The sector has been trying to make sense of the Teaching Excellence and Student Outcomes Framework (TEF) ever since it was first announced. But the Pearce Review of TEF – a statutory requirement inserted in the Higher Education and Research Act to placate the House of Lords – has led to a wait-and-see attitude in the sector.
TEF had already been paused for a year, to allow the final touches to be put on a subject-level TEF which would start in 2021. But this restart had been in some doubt, as various rumours regarding Dame Shirley Pearce’s review and the weight accorded to the elegantly devastating critiques from the Royal Statistical Society had led us to believe that a more fundamental revision was on the cards.
As my colleague Jim Dickinson notes, the confirmation of the 2021 start date for Subject TEF was unexpectedly restated in Gavin Williamson’s recent guidance letter to the Office for Students. A minister announcing something that has already been announced wouldn’t often raise eyebrows, but this cuts across the Pearce Review – which we can expect to see, alongside a government response later this year. Even though it was widely expected earlier in the summer.
It’s worth examining Williamson’s no doubt carefully chosen words in detail:
I would like the OfS to publish subject level TEF in 2021. This should be alongside the implementation of a new TEF model to be developed following the publication of the government response to the Dame Shirley Pearce’s Independent Review of TEF undertaken under Section 26 of HERA 2017. This new model should ensure the TEF is seamlessly integrated into OfS’s approach to the regulation of quality more broadly. To ensure that we do not lose momentum, I would also like the OfS to consider running a further provider-level TEF assessment exercise with results to be published in 2020.”
“Alongside the implementation of a new TEF model”
It’s the word “alongside” that is concerning me here. Subject TEF should be the implementation of a new TEF model in itself. You might recall the debates about the relationship between subject TEF and provider TEF and whether this should be top down (subject TEF expresses difference from the provider TEF rating) or bottom up (subject TEF ratings are combined, like mighty morphin’ power rangers, to produce provider TEF).
Both of these would have been a new TEF model. The method finally chosen – running the full provider TEF alongside a subject TEF that demands written statements for each of up to 35 subjects at the top level of the HECoS CAH, and then engineering some kind of read across by the main panel – also constitutes a new model. So what is going on?
The idea that TEF should seamlessly integrate into the OfS regulation of quality, should be (along with the modifications to the quality baseline suggested in another part of the letter) ringing alarm bells over at the Quality Assurance Agency. In designating the QAA as “designated assessment body” under the terms of HERA schedule 4, the OfS has vouchsafed that it:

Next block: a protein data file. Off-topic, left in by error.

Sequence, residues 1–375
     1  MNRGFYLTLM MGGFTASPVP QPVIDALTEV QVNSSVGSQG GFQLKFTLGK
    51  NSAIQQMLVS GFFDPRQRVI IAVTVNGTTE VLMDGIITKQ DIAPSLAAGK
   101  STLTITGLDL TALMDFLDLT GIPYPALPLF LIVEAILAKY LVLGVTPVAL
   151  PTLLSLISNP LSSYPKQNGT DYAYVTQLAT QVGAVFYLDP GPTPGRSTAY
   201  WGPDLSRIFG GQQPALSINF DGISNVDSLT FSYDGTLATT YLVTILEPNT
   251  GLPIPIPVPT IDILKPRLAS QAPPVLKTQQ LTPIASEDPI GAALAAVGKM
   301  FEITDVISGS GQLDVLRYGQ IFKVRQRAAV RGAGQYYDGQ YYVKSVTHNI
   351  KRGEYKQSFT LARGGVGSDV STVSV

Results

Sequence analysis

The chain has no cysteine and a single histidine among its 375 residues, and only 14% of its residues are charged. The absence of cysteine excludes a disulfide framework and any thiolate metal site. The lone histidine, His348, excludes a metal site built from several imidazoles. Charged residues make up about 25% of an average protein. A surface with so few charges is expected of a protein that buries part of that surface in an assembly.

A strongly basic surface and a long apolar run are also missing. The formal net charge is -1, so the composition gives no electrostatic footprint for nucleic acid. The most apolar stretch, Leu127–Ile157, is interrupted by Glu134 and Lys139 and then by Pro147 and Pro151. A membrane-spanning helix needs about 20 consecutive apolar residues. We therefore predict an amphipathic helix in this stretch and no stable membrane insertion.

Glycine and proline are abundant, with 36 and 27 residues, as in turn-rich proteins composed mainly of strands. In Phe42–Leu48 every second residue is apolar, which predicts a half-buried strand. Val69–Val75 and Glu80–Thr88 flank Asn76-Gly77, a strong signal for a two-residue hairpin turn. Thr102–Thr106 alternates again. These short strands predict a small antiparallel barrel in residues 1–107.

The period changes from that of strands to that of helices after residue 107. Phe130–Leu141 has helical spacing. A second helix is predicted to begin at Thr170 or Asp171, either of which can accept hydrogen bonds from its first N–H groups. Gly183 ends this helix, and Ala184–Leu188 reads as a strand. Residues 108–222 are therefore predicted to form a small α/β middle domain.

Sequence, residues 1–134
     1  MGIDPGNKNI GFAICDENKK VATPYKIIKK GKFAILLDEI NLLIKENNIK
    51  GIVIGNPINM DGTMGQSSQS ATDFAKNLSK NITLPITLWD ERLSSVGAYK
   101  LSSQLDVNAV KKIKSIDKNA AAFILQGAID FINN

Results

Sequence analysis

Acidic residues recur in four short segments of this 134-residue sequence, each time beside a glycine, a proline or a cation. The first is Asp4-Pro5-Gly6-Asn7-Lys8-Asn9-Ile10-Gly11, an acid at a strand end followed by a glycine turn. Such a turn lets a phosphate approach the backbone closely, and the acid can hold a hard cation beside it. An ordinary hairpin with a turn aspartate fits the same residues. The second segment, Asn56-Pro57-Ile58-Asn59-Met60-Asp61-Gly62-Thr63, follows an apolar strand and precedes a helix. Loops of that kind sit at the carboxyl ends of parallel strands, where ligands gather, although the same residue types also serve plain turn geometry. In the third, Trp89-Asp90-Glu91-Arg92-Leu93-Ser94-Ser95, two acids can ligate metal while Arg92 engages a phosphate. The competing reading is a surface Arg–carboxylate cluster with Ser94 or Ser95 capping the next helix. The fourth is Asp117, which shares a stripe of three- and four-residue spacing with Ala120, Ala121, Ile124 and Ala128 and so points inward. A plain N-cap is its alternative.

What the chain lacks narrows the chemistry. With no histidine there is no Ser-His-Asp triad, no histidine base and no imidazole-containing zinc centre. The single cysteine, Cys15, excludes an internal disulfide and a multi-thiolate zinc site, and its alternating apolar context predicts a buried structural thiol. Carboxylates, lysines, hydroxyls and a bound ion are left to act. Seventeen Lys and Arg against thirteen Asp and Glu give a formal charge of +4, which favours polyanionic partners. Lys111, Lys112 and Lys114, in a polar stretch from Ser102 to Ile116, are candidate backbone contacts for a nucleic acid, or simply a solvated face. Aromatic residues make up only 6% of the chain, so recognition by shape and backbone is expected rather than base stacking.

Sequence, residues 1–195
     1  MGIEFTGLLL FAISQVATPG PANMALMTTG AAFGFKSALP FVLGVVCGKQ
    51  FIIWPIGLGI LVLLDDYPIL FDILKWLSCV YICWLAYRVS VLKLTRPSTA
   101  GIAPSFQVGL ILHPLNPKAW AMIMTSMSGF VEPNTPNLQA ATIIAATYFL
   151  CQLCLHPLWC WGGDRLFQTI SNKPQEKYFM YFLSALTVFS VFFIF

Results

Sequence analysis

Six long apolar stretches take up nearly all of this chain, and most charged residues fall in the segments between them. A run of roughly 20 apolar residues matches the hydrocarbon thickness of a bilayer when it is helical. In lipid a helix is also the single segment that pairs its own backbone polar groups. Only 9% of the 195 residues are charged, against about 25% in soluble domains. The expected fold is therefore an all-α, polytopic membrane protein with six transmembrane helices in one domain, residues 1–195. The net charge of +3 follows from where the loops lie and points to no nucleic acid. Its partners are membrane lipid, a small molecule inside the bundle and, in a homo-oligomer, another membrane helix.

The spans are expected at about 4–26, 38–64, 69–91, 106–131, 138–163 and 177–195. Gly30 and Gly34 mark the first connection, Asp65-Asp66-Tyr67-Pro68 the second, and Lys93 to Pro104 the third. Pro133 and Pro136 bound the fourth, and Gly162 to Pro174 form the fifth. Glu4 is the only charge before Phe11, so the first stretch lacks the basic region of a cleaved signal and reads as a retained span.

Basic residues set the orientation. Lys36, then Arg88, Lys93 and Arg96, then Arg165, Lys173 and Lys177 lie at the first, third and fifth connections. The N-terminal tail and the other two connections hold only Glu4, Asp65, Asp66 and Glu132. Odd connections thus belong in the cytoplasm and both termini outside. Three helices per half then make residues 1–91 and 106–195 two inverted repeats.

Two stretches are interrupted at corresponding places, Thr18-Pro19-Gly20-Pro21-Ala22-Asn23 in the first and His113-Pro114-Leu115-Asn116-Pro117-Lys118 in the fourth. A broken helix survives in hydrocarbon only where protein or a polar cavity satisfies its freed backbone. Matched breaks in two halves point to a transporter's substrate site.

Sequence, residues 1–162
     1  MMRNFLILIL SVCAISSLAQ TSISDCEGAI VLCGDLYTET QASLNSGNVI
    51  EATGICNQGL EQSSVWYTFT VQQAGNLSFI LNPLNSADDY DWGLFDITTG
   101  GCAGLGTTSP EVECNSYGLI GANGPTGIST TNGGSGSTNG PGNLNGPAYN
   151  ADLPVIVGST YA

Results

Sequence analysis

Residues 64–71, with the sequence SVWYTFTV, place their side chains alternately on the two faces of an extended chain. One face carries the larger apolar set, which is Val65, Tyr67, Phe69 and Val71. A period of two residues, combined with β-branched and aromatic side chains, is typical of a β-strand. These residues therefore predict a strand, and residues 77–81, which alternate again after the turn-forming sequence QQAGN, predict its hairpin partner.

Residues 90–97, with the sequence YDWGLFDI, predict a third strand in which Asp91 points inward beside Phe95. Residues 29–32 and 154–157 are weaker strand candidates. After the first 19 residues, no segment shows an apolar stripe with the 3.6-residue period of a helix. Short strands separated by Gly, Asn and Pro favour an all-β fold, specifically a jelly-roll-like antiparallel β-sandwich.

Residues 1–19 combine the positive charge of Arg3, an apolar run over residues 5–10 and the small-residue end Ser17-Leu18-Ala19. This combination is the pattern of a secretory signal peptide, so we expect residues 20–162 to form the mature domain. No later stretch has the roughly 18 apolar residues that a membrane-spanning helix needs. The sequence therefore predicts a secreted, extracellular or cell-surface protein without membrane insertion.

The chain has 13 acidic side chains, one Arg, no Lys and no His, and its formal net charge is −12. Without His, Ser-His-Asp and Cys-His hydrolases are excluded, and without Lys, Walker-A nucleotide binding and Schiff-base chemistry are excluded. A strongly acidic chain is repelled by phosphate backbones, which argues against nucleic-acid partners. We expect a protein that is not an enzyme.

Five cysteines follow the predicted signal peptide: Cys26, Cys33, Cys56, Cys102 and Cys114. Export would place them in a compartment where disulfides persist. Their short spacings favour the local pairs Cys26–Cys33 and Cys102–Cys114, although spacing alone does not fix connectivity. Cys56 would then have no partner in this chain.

would be appropriate for securing the effective assessment of the quality of, and the standards applied to, higher education provided by English higher education providers.”
TEF was initially framed as a quality enhancement tool, not a part of the quality assurance process. This incorporation of TEF ratings into quality assurance for the purposes of regulation feels like it would be an overreach by OfS.
A further provider-level TEF
Gods forbid that we lose momentum! Observers will recall how TEF1 snuck out under cover of darkness (it was just a list of all providers that held a current QAA review), TEF2 was a media firestorm, the excitement about which petered out for TEF3 and was almost non-existent for this years TEF4. A part of this has been due to the fact that TEF awards are designed to last for three years – only new providers, those replacing provisional awards and those who have seen metric improvements significant enough to move up a semi-precious metal level entered TEF3 and TEF4.
When the decision to bring subject and provider TEF together was taken, a delay was inserted in 2020 – and existing awards were extended for an extra year (lasting up to a maximum of four years for TEF2 holders) to compensate. The Glastonbury-esque fallow year was inserted for two reasons:
- To allow time both to finalise the combined mechanism and run what would need to be an elongated assessment process.
- Because HESA had discontinued the Destination of Leavers from Higher Education (DLHE) survey, and data from the elongated replacement (Graduate Outcomes) would not be available in time for 2020.
Both of these reasons still stand. There will be an extended lead in to the full subject plus provider 2021 run, unless there are enormous changes to the recommendations following the two pilots and consultation. And there just won’t be any suitable employment data to replace DLHE.
There has been talk about the use of the LEO data as a replacement – but this does not feature data on skilled/unskilled employment or on employment status on a particular date. OfS have always played fast and loose with award comparability – TEF2 awards are based on a weighted basket of metrics that is different from that used in TEF3 and TEF4. But it is difficult to see who benefits from an additional one year reweighting before a completely new system is brought in.
Certainly not prospective students. There is no evidence that students are using TEF in deciding which institution to apply to – OfS even tacitly admit this by omitting the ratings from the easy to find parts of Discover Uni.